Infertility is the inability to achieve pregnancy after 12 months or more of regular, unprotected sexual intercourse (or after 6 months if the woman is older than 35). The term describes men who can’t get a woman pregnant and women who can’t get pregnant or carry a pregnancy to term. Health conditions and behaviors, age, genetics, and other factors can all cause or contribute to infertility in men and women. Infertility is the inability to conceive after one year of unprotected intercourse, or the inability to carry a pregnancy to term. To get a more accurate answer to the question “what is infertility”? this definition is reduced to six months for.
- Women over 35
- Women with a history of painful periods, irregular cycles, pelvic inflammatory disease and miscarriages
- Couples who know that the male partner has a low sperm count
In 1/3 of infertile couples, the problem is with the man.
In 1/3 of infertile couples, the problem can’t be identified, or is with both the man and woman.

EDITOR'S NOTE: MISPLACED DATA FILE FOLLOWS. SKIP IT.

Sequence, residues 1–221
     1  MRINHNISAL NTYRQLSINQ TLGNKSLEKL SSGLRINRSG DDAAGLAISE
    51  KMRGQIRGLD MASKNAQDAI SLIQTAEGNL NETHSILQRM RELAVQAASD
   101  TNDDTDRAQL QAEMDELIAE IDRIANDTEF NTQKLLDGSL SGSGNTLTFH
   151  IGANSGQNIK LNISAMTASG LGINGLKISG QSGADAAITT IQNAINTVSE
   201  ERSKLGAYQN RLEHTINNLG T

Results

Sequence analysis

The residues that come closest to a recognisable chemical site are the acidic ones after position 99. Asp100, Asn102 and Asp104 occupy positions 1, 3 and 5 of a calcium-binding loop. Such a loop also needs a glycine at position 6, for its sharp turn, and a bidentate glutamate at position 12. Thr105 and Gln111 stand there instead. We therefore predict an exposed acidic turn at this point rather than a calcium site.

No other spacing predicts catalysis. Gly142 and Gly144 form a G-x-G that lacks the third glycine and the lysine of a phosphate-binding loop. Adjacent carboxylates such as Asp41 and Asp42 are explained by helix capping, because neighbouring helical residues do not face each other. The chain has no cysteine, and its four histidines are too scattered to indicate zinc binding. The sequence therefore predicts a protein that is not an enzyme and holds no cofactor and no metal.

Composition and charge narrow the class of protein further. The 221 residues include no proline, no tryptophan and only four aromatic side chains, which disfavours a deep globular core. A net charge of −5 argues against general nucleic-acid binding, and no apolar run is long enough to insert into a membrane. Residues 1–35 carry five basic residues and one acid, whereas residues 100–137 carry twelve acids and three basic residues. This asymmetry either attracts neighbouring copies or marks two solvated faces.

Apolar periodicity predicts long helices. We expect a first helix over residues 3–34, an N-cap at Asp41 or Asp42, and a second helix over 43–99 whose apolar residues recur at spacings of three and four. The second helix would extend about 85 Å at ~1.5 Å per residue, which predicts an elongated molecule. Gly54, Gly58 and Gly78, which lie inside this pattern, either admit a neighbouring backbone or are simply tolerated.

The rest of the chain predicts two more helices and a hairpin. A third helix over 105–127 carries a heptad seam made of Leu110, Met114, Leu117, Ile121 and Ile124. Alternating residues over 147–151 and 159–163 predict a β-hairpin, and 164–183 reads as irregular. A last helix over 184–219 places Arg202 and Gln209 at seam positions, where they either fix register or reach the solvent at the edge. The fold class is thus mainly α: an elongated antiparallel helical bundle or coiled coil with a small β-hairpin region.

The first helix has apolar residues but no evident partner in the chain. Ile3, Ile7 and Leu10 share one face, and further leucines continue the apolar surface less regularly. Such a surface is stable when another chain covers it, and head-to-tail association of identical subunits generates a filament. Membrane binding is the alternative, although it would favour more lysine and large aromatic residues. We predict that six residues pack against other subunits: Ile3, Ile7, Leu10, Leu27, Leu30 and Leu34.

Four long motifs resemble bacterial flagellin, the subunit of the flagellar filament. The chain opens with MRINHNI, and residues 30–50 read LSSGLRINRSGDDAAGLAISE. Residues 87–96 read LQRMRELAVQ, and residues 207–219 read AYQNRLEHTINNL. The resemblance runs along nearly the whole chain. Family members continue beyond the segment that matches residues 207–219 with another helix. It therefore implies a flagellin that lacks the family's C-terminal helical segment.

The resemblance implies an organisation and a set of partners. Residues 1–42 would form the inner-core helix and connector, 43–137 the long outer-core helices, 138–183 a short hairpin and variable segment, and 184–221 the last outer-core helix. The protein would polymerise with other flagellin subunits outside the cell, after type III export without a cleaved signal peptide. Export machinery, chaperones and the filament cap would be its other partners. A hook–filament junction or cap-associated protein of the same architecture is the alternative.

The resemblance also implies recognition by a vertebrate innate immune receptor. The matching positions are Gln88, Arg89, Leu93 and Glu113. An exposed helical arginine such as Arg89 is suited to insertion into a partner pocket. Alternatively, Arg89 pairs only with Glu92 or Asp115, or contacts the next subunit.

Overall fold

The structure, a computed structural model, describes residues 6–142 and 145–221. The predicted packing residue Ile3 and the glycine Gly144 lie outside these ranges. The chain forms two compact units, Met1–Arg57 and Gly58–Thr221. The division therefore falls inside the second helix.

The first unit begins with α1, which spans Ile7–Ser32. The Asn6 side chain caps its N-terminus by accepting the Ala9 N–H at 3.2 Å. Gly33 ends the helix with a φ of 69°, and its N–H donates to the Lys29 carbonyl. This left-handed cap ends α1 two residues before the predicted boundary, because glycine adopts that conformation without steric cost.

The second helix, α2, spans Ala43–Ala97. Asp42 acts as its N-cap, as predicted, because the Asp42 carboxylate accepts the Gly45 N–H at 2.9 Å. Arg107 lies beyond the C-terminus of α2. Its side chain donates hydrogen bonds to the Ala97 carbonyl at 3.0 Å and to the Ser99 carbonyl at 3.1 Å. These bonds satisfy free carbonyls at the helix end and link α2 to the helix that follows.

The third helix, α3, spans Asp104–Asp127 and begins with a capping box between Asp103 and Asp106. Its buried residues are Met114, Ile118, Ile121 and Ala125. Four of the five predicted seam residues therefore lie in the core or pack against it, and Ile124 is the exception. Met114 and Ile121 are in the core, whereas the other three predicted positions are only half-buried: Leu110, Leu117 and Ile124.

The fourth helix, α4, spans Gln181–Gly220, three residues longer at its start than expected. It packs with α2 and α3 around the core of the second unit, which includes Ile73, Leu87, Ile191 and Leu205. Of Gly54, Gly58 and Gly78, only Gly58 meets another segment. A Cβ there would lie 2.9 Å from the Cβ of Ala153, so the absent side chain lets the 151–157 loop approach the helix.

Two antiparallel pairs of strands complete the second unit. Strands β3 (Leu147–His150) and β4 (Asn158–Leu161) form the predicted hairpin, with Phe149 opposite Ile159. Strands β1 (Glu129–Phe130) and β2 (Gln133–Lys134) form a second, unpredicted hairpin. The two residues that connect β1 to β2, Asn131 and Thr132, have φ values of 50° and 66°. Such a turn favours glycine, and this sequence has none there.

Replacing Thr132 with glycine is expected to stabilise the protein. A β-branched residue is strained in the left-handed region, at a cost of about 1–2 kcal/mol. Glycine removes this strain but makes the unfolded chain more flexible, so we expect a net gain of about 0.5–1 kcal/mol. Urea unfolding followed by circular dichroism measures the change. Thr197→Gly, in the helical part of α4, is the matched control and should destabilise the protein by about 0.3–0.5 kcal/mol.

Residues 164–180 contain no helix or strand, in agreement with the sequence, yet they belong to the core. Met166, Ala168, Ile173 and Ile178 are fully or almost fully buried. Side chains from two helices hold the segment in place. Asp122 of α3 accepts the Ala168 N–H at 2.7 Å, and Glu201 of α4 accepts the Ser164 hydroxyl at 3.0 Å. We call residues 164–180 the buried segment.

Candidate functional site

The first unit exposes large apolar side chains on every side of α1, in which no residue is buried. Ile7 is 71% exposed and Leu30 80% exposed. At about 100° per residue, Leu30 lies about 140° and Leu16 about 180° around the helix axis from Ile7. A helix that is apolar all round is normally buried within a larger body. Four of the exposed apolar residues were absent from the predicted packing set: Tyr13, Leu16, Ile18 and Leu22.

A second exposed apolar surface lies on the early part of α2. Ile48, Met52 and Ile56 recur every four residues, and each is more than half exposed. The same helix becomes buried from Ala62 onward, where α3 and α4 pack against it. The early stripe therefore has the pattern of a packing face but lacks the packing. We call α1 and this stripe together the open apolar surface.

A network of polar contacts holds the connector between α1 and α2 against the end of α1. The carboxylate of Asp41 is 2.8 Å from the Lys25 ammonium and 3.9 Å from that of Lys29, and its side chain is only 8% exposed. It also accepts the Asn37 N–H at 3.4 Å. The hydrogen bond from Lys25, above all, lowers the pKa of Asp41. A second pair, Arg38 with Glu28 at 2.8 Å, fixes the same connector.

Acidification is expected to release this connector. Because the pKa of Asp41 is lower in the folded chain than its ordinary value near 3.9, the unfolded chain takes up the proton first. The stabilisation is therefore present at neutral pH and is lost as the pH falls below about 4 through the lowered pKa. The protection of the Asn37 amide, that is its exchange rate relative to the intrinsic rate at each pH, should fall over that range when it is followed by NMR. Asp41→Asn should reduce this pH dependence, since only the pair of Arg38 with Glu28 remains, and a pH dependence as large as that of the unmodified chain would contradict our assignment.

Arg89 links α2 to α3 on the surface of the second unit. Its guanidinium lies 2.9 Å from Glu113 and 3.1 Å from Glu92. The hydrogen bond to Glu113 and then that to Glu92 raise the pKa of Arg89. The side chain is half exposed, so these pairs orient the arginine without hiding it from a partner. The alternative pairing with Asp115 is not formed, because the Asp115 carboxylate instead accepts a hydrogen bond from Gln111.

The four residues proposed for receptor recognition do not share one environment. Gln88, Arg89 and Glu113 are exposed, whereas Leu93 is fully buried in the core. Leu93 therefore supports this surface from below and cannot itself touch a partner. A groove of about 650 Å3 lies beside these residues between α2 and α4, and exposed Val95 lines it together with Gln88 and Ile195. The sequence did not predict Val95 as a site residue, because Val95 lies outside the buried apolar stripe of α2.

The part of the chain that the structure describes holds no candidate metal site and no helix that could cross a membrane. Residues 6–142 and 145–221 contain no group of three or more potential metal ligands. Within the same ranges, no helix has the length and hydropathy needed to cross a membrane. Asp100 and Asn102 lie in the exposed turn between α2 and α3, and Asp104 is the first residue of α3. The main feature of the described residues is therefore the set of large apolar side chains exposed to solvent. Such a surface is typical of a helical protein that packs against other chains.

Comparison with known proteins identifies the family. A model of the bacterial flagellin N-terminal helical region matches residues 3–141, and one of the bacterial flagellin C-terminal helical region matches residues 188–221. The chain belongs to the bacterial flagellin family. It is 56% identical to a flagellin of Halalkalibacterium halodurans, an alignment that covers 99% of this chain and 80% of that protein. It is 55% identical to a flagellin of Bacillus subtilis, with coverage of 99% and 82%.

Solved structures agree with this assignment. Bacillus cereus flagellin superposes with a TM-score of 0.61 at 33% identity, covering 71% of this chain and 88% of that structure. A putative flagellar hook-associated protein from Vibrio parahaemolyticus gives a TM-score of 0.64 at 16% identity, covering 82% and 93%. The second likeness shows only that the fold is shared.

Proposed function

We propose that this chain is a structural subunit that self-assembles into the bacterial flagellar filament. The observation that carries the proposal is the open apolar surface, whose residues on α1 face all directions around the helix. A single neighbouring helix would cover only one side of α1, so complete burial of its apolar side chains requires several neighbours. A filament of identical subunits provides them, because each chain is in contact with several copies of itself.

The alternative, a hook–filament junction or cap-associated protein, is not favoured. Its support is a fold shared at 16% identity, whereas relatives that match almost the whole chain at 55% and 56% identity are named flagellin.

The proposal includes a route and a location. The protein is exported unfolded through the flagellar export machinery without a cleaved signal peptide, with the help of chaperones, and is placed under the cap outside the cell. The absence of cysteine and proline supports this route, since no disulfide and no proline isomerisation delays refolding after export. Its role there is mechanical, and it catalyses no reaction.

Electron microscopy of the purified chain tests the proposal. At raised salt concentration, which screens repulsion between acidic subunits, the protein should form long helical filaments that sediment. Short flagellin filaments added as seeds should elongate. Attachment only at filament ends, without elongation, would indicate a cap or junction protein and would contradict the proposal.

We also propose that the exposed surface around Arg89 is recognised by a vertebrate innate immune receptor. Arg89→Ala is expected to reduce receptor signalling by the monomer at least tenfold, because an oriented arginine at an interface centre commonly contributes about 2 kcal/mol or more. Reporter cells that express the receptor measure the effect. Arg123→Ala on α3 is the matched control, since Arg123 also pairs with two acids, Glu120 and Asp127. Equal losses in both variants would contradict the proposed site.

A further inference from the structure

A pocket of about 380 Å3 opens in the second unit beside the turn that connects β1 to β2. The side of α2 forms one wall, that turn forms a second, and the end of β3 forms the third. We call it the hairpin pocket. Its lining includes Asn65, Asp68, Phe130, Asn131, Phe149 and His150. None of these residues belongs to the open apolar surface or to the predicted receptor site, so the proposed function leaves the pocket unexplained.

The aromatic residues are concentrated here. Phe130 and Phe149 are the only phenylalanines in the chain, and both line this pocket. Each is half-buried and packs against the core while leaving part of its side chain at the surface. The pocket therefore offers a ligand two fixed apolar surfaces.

In 1/3 of infertile couples, the problem is with the woman.
The earlier you seek help, the greater your chances for success. If you and your partner have been trying to conceive without success, have been diagnosed with infertility, or have a non-traditional relationship inhibits you from getting pregnant, we urge you to see a specialist as soon as possible. Meaning to say that both partners have to be evaluated simultaneously.
Common Causes – Men and Women
- Exposure to chemicals
- Cancer and/or exposure to radiation or chemotherapy
- Conditions such as diabetes, heart disease, obesity, high blood pressure, and autoimmune disorders
- Smoking and/or alcohol
- drug abuse Sexually transmitted infections (STIs)
Age & Infertility
People are waiting longer than ever before to start families. Women are now 8 times more likely to have their first child after age 35 than they were in 1970. But waiting too long can cause problems.
As age increases, so does the likelihood of infertility.